(Eleventh in a Series)
Metabolism – Converting Food Into Energy
As covered in the Tenth Article in this series, the body needs fuel and oxygen to operate, and the process by which the body changes the food you eat into energy and internal building material is called metabolism (from the Greek metabole “change”).
This conversion is achieved by a complex biochemical process, where calories from carbohydrates, fats or proteins are chemically combined with oxygen to form cellular building blocks while also releasing the energy your body needs to function.
Let’s take a closer look.
Catabolism and Anabolism
Our food consists of carbohydrates, proteins, and fats, usually in the form of large, complex molecules. The body cannot build muscle, nor can it maintain organs, with the proteins it consumes, but must first break them down into amino acids, which are then combined to form proteins the body can use as building blocks.
An exergonic chemical reaction is one where large molecules (such as food) are broken down into smaller molecules with the release of energy. The word comes from the Greek, ex- out, ergon work, meaning energy (work) is released; energy, of course, is most commonly measured by the work it can perform.
This process is also known as Catabolism (Greek, cata- down, ballein to throw).
An endergonic reaction is one where new proteins are built from amino acids, and is a process that requires energy. The word, again, is from the Greek, en- in, ergon work, meaning it takes in-uses-energy.
This process is also known as Anabolism (Greek, ana- up, ballein to throw).
So, depending on which way the “throw” is made, down for breaking down and releasing energy, or up for building up and using energy, it’s either Catabolism or Anabolism.
Combined, Catabolism and Anabolism make up Metabolism (Greek root, meta- along with, among, ballein to throw).
And the messenger service which carries released energy from the point of catabolic extraction to areas of need is called ATP (Adenosine Triphosphate, an intermediate molecule capable of storing large amounts of energy in its chemical bonds for relay to anabolic processes or other areas of energy needs such a muscle contraction.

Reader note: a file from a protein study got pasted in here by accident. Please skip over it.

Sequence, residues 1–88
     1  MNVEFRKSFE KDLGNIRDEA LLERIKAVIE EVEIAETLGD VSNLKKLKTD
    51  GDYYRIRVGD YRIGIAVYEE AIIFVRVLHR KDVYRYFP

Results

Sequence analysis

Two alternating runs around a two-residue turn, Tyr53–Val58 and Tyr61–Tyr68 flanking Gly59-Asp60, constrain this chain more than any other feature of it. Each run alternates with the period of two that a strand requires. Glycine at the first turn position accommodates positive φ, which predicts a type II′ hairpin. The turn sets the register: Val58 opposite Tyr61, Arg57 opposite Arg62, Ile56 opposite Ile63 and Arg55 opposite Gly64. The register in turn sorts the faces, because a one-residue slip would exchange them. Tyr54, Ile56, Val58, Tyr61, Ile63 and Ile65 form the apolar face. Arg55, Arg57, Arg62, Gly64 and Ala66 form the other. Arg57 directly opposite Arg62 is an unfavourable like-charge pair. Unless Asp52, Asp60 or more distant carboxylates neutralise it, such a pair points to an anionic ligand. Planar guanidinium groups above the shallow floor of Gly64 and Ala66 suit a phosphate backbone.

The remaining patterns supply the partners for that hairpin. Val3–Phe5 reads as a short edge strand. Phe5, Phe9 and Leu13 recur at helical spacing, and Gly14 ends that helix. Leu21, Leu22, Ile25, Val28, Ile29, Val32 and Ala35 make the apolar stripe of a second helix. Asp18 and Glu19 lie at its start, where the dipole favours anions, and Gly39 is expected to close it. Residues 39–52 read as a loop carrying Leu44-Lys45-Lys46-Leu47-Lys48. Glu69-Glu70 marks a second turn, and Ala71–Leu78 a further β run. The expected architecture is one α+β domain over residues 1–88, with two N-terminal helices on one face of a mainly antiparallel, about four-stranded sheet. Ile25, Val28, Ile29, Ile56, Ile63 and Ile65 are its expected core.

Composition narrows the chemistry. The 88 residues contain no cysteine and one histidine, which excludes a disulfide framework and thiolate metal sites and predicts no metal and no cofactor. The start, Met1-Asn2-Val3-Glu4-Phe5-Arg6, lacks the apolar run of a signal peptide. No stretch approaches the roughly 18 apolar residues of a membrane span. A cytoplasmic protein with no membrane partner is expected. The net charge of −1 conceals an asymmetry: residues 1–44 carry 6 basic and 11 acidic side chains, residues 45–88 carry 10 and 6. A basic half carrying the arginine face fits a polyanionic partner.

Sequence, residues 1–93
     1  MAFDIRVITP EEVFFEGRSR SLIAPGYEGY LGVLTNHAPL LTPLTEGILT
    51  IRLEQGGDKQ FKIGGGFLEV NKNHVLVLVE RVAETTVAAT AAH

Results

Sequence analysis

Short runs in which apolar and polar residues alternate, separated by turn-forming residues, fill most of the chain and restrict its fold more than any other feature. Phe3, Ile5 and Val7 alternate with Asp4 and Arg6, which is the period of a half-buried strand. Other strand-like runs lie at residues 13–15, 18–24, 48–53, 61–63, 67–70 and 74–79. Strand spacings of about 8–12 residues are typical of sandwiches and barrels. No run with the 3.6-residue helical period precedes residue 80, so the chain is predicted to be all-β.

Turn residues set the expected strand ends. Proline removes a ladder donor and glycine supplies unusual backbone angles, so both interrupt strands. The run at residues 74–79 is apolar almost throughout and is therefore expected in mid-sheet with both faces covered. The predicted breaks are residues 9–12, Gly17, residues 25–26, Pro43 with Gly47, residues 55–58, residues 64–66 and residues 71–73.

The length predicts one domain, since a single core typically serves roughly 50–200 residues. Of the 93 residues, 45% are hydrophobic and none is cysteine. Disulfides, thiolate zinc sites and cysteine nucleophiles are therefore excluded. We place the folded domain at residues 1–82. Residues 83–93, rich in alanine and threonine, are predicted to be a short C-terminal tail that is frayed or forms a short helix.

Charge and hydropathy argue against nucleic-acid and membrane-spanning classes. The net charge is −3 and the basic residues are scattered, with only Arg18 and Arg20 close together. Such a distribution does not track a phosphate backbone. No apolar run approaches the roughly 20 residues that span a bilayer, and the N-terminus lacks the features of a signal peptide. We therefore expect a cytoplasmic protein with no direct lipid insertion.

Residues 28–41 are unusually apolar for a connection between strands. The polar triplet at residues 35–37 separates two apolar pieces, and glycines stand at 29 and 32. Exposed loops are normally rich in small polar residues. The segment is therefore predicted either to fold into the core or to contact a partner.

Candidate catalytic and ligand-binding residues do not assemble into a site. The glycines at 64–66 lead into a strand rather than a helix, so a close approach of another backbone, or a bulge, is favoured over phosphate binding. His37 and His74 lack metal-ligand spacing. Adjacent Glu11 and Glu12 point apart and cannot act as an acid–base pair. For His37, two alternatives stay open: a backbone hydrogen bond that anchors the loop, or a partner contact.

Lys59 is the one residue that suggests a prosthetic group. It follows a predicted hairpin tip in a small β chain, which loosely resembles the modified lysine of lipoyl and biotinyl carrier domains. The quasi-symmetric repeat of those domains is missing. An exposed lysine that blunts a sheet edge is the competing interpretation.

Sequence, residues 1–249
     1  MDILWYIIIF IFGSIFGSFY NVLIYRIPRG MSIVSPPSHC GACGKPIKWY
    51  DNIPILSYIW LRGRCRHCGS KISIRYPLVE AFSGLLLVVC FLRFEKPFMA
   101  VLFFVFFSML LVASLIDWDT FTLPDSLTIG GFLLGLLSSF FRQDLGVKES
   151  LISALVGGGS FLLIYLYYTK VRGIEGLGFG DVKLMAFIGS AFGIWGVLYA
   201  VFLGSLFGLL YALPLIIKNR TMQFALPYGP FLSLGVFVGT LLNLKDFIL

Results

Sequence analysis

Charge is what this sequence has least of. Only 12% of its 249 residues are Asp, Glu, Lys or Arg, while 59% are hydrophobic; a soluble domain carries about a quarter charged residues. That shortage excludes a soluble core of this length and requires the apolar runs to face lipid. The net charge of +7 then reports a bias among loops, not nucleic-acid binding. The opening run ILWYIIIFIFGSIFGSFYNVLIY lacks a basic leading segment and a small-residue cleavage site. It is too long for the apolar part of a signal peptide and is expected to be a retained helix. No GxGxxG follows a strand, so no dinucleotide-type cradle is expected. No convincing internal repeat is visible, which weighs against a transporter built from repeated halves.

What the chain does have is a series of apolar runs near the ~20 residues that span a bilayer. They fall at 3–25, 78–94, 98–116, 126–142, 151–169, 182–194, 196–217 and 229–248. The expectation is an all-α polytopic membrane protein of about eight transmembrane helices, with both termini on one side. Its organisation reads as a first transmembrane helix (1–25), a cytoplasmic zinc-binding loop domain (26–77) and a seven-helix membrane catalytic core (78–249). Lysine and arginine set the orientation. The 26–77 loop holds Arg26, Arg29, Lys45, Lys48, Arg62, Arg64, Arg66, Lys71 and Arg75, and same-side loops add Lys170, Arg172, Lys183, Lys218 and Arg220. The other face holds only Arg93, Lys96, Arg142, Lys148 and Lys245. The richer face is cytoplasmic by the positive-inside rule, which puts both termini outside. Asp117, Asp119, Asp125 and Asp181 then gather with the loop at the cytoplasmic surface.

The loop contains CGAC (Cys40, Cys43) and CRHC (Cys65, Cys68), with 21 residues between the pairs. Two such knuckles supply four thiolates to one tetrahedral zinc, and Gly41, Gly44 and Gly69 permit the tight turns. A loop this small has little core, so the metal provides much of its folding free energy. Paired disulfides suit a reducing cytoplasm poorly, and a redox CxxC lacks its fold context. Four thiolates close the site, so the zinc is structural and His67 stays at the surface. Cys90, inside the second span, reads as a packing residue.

Basal Metabolic Rate
Also called Resting Metabolic Rate (RMR), BMR indicates the amount of energy used by the body while at rest in a neutrally temperate environment (too hot or too cold places additional energy requirements on the body), in a post-absorptive state-meaning the digestive system is also at rest, which usually requires about twelve hours of fasting.
The energy consumed in this state of rest is to fuel the basic (basal) needs of the organism, such as the heart, the lungs, the brain, and the rest of the nervous system, the liver, kidneys, the sex organs, muscles, and skin.
During any given day, the basal life processes (BMR) use about 70% of the body’s total energy requirement, the digestive processes use 10%, and the remaining 20% goes to power our physical activities.
Of the 70% used by BMR, the liver uses 27%, the brain 19%, the heart 7%, the kidneys 10%, skeletal muscles 18%, and other organs 19%.
Knowing how much work the liver has to perform constantly, that’s hardly surprising. It is surprising though that the heart, which never ever rests, uses only 7%-a very efficient muscle, that.
An accurate measurement of BMR is a complex process that involves a gas analysis through either direct or indirect calorimetry (the measurement of quantities of heat)-don’t try this at home.
A rough estimation of BMR can be made through an equation using age, sex, height, and weight. Many online tools are available using these factors to calculate your BMR. Use them.
BMR can also be estimated by the determining the amount of lean tissue that makes up your body. Lean tissue at rest, whether male or female, burns roughly 16 calories per pound per day, so once lean mass is determined and multiplied by 16, you’d have the basal caloric need for that person.
Why Do You Care?
That takes us back to our old friend 1LTD, the First Law of Thermodynamics. To lose weight you need to burn more calories than you consume; and in order to establish exactly how many calories you burn during any given day, you need to account for BMR, which is 70% of that amount.
The proud owner of a body containing 125 pounds of lean mass would have a BMR of roughly 2,000 calories. Another 300 or so calories are spent by the digestive system. The rest is physical activity; say 600 calories depending on what you do.
This person would burn 2,900 calories a day, so in order to lose weight he or she would have to consume less than 2,900 calories. 1LTD.
Exercise and BMR
Anaerobic exercise-such as weight lifting-builds muscle and alters the lean mass equation in favor of lean. This will raise BMR. While aerobic exercise is beneficial for the cardiovascular system, and while it in itself burns calories, there is no direct link to suggest that it affects BMR in any significant way.
1LTD rules. But in order to burn more calories than you consume, you need to know the numbers.
BMR makes up 70% of what you burn. It therefore needs to be estimated or measured as accurately as possible.
(Eleventh in a Series)